A few weeks ago, I was able to finish an entire book. That I am even marking the act of being able to finish a book as an event tells how derailed I have been from the life I envisioned for myself. I used to think that at this point in my career, I should have more time for books, less time for meetings, to dos, and plans of action.
Alas, that is not to be. But I am not one dwell on the derailment, what I do is steal time away from the everyday to sneak in some reading. When a book turned up on my shelf a few weeks ago, I half resented, half appreciated its coming. Resented because it was one more reminder of my life not turning out the way I wanted it to. Appreciated, because well, a book is passage to another world, away from this one, as long as the pages are open, other worlds are open to me.
Cold Mountain is a strange series of journeys, moving through a war, conventions of the times, moving out of the self, moving towards another person. I learned new things from the book, a few almanac-style facts that I think would be useful to add to one’s skill sets: how to survive in the wilderness. I haven’t seen the film, so it’s good exercise to be able to form images without benefit of celluloid suggestion, to form scenes not colored by cinematic lighting. It is a cruel landscape and time that unfolds in Cold Mountain. It made me realize how, shaped by the elements, what we know in one culture shifts radically in another, owing in no small way to geography. What I know of winter is that it is cold and bleak. But the winter described by the book is much harsher, a season tempered by a gnawing hunger in the stomach and in the soul.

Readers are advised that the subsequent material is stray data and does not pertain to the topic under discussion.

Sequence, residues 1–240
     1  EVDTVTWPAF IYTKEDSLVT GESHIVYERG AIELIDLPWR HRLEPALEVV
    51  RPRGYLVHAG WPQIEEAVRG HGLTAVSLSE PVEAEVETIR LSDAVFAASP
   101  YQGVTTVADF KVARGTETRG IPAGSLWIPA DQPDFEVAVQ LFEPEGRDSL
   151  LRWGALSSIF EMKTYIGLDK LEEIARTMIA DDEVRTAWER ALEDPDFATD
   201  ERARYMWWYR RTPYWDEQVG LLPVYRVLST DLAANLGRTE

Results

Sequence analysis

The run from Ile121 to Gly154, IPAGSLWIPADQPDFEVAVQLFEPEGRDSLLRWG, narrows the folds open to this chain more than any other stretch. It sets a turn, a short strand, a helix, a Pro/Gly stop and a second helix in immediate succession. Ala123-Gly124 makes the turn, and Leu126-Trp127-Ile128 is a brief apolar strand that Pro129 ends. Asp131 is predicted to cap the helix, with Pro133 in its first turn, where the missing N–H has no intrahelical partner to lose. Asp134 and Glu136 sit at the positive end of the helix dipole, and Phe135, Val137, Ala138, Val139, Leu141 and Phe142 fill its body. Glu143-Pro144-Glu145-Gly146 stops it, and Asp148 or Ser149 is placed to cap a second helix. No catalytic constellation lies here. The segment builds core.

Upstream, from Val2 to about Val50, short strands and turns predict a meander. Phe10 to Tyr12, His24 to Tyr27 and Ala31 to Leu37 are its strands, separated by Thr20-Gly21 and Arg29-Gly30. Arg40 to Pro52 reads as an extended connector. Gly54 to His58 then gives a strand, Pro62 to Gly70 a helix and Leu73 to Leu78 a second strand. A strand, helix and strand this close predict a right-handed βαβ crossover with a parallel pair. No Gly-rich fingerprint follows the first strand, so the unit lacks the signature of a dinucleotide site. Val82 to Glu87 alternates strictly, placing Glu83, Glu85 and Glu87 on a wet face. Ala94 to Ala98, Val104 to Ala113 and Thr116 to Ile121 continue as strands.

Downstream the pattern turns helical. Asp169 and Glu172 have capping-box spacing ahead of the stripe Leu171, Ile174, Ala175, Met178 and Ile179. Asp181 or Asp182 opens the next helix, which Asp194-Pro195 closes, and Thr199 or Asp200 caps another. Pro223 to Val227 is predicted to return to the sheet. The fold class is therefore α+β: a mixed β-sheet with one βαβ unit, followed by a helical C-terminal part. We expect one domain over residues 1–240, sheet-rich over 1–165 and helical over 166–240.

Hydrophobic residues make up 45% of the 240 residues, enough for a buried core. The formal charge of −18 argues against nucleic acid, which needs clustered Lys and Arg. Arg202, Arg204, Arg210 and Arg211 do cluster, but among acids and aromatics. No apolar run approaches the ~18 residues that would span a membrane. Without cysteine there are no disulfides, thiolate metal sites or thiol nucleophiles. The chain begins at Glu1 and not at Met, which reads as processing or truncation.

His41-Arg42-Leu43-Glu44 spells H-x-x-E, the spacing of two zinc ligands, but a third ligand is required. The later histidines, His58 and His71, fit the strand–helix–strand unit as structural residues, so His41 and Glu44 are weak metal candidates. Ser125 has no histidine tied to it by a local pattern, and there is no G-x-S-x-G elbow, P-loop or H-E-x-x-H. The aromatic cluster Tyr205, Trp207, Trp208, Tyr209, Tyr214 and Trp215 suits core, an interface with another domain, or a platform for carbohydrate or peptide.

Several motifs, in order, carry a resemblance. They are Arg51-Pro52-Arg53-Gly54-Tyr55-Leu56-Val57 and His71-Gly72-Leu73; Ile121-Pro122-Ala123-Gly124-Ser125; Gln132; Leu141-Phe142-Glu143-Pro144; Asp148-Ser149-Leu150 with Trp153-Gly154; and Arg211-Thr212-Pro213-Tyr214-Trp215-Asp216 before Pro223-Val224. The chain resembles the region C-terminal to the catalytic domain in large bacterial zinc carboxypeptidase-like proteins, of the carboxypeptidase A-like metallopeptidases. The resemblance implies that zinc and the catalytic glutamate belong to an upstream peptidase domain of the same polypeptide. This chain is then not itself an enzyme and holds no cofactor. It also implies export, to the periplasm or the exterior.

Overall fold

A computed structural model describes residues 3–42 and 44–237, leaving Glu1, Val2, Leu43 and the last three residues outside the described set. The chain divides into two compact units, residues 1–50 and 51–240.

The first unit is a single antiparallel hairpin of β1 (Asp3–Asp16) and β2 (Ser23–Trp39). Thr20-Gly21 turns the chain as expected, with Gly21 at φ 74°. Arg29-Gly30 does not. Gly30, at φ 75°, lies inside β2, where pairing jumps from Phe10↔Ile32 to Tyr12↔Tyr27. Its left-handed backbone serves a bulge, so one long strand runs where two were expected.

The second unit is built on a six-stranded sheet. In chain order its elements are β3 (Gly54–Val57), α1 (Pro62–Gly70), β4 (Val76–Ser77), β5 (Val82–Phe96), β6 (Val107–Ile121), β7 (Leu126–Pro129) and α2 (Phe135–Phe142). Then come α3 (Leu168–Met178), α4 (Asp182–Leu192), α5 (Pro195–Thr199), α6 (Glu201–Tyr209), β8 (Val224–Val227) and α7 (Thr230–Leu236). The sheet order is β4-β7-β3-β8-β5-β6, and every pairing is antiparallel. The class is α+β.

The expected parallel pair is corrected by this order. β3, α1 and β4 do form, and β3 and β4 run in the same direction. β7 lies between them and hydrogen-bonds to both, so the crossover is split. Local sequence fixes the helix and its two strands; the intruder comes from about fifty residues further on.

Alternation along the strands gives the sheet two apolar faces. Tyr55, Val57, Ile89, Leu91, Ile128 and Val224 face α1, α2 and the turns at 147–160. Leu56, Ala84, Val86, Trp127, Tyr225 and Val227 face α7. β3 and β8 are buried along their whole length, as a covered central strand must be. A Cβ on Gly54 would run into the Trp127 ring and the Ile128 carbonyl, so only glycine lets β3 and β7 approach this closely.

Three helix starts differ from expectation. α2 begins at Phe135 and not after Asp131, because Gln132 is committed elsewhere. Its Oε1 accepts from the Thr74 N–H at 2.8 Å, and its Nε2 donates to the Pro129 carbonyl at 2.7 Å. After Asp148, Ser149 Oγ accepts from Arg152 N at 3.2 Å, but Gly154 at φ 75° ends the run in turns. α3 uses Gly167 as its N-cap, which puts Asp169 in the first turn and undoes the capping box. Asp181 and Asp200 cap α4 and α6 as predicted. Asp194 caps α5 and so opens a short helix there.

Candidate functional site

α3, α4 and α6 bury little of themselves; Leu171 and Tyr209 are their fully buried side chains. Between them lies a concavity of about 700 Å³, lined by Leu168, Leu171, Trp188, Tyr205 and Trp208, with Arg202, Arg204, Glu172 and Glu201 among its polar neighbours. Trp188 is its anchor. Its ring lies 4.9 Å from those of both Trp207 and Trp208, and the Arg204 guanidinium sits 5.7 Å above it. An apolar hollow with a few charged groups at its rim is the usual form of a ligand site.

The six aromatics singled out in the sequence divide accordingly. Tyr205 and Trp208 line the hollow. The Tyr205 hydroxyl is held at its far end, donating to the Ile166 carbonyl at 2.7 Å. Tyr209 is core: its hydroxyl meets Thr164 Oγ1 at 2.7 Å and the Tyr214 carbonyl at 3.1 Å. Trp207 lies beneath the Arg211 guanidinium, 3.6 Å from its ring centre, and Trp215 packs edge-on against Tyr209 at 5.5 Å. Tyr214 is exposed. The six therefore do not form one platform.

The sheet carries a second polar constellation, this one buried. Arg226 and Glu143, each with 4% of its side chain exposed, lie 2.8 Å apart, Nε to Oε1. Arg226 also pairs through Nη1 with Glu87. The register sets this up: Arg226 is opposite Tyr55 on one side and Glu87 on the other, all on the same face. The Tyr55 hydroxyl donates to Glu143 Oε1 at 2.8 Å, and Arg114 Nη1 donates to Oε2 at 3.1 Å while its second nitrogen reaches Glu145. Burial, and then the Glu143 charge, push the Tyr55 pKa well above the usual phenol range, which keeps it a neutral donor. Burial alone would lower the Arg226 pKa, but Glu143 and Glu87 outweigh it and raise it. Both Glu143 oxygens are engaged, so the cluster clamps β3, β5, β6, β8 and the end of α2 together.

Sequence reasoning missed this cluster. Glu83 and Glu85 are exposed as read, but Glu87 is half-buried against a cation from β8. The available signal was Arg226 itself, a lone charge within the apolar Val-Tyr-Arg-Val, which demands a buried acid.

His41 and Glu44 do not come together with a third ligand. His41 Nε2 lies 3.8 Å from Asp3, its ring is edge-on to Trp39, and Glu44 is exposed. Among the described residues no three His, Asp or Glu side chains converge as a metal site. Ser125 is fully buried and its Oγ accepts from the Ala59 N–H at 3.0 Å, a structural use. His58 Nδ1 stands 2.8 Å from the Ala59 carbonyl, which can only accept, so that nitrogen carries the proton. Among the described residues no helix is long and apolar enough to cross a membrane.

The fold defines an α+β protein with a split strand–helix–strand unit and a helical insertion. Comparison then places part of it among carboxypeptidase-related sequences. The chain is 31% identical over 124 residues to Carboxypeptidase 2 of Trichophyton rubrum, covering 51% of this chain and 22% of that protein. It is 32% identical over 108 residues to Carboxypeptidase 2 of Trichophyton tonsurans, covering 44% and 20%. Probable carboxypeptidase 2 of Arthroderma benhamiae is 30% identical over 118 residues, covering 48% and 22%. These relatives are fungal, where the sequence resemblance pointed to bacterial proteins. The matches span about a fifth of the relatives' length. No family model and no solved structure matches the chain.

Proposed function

It made me think of journeys, the kind that take you out of yourself and what you know, into landscapes that are vaster, altered, alien. To be made aware of how much we can change as we move through time and through worlds imagined and real, that for me is the gentle nudge the book gives.
Not everything that is still remains in place, and all that moving doesn’t necessarily mean you are going to get somewhere. But the journeying, sometimes, is all that matters.